Tesco (OTCQX: TSCDF) (OTCQX: TSCDY) shares have been pretty flat in GBP terms since I first covered the supermarket giant last year, with a slight decline in the share price offset by returns from the dividend. The ADRs have performed quite a bit worse – falling by double-digits on the account of sterling’s slide versus the US dollar.
In terms of business, Tesco has by-and-large way in a solid operating performance in that time, with aggregate sales continuing to hold up well following elevated demand and profits recovering as expected post COVID.
Looking ahead, inflation and the cost of living are dominating the news these days, and Tesco is obviously on the front line given both its relationship with the UK consumer and the nature of its cost base. That will certainly pose a bit of a challenge in the near-term, although management has tentatively left profit guidance in place while cash returns to shareholders have been upped significantly in the meantime.
With that, I’m mostly sticking with my view from last time. Tesco isn’t a great business by any stretch of the imagination, but the current share price isn’t so demanding that it can’t support high-single-digit annualized returns in GBP terms on modest growth assumptions. US-based investors might also wish to take another look at the account of the cheap British pound.
Trading Still Robust
Tesco had been juggling some contrasting COVID effects when I covered it in the fall, with sales booming on account of lockdowns but profits dented by various pandemic-related costs as well as elevated bad debt charges at the bank.
The latter recovered as expected in its fiscal 2021/22, with direct COVID-related costs declining by around £ 600m or so (from over £ 800m the year before) and Tesco Bank recording positive provisioning versus a significant expense in 2021. Sales likewise held up well last year, increasing 3% (ex. VAT, ex. fuel) to £ 54.8B, with the group putting in impressive market-share performance at home. All told, that helped deliver adjusted group operating profit of £ 2.8B, up almost 60% on the year before. Free cash flow rose markedly, up 70% year-on-year to almost £ 2.3B, and the balance sheet strengthened, with net debt falling by around £ 1.5B.
Tesco doesn’t release earnings and cashflow data in its quarterly updates, but sales for the first quarter suggest that trading remains robust. Group retail sales (again ex. VAT, ex. Fuel) for the 13 weeks ended 28 May clocked in at just over £ 13.5B, up 2% year-on-year and almost 10% versus pre-COVID levels. UK and Ireland retail sales were softer, falling by 1.5% and 2.4% respectively as behavior continues to normalize post-COVID, although the company gained share in both markets (+ 37bps and + 11bps in the UK and Ireland respectively). This was offset by near 20% growth at wholesaling arm Booker (benefit from a soft comp with lockdowns in the prior period) and 10% growth in its Central Europe segment, where the company also gained market share.
Focus Turns To Inflation
With customer behavior normalizing post COVID, the focus is now rapidly turning toward inflation and the real-terms squeeze in household income. For Tesco, that obviously has potential implications on the customer side of the equation, with management already noting that consumers are trading down:
What we have seen is reasonably early signs that where there are heightened levels of inflation in staples, such as bread and pasta, we are seeing the customer choose their own brand or the entry level brand variety, and to help them manage their overall basket cost .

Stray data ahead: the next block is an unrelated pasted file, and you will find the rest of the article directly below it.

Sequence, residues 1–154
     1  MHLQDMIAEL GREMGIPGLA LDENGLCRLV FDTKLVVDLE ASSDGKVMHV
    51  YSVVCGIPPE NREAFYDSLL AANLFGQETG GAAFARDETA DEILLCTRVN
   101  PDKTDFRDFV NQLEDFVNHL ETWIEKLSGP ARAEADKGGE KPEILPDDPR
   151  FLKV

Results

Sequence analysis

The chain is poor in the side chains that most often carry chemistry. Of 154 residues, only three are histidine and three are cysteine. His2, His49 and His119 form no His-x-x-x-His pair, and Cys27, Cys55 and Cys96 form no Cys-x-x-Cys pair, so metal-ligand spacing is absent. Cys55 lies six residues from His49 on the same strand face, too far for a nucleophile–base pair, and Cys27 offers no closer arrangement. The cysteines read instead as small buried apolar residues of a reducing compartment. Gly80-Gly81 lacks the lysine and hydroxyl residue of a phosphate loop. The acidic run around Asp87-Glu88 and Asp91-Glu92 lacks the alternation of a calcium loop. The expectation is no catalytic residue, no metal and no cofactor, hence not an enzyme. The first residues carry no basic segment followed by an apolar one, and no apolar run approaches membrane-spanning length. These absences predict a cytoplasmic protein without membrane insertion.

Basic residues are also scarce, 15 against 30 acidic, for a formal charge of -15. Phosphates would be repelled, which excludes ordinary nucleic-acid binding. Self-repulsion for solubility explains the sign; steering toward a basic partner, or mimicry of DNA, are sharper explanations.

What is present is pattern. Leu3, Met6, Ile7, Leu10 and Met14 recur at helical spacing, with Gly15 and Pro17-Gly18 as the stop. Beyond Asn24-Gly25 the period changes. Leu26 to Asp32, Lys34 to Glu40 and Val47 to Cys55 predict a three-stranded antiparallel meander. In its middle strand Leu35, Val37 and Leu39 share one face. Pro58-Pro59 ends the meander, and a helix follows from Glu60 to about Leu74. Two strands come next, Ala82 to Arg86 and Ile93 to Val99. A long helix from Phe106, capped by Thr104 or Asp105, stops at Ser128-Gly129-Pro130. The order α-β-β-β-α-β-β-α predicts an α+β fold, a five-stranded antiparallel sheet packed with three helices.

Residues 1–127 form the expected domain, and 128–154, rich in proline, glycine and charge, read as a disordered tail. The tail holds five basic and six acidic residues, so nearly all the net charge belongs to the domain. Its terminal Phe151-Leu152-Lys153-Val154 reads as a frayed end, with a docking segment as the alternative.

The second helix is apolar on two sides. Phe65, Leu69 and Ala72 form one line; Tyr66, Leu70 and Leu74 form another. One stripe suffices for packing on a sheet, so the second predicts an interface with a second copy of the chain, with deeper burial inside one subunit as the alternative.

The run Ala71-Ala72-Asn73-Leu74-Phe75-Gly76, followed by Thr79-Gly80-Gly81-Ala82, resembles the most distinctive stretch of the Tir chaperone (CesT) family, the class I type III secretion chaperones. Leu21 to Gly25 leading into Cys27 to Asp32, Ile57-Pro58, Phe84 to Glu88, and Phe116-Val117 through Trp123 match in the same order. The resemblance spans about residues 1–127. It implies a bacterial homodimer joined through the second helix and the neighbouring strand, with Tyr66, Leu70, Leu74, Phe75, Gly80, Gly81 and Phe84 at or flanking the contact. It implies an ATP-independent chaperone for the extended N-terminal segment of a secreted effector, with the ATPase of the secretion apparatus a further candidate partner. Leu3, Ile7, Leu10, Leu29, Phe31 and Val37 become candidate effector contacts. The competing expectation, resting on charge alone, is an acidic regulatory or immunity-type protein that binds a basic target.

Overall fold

Ken Murphy, CEO
On top of that, inflation will also feed through to the firm’s cost base, with obvious upward pressure in energy and labor costs for example, and that has contributed to profit guidance that is slightly below last year’s level.
The firm does have some levers to pull – its £ 1B, three-year cost savings program will help offset inflation a little – and FY2022 / 23 profit and cash flow guidance so far remains unchanged from the start of the fiscal year, but it is definitely something to keep an eye on as the year progresses.
Shares Still At An Undemanding Valuation
While inflation is clearly posing a challenge, it’s not all bad news here. Capital returns have been upped significantly for one, with management announcing an initial £ 500m share buyback program alongside interim FY2021 / 22 results in September. Management confirmed that £ 300m of that had been used to purchase the company’s shares as of April 2022, before committing to an additional £ 750m (~ 5% of shares in issue) before April 2023. All in, that £ 1.05B would be good for around 7% of the pre-buyback share count. Management also upped the dividend, with the 10.9 pence per share full-year payout representing about 20% growth year-on-year. The yield is currently 4.3%.
More importantly, these shares remain at a fairly undemanding valuation, currently trading at just under 12x FY2022 / 23 EPS estimates. Margins are fragile, competition with the discounters is fierce and inflation hasn’t peaked in the UK yet, but retail and bank operating profit guidance remains in place at ~ £ 2.5B and ~ £ 140m respectively, as does retail free cash flow in the £ 1.4B to £ 1.8B range. Discounting low single-digit annualized growth on top of that gets me to a fair value in the £ 2.70 per share area, around 7% higher than the current price in London trading. With implied high single-digit annualized returns in GBP terms, these shares continue to look undemanding for value investors, while the GBP’s slide versus the USD means that US-based investors can currently get British assets on the cheap. Buy.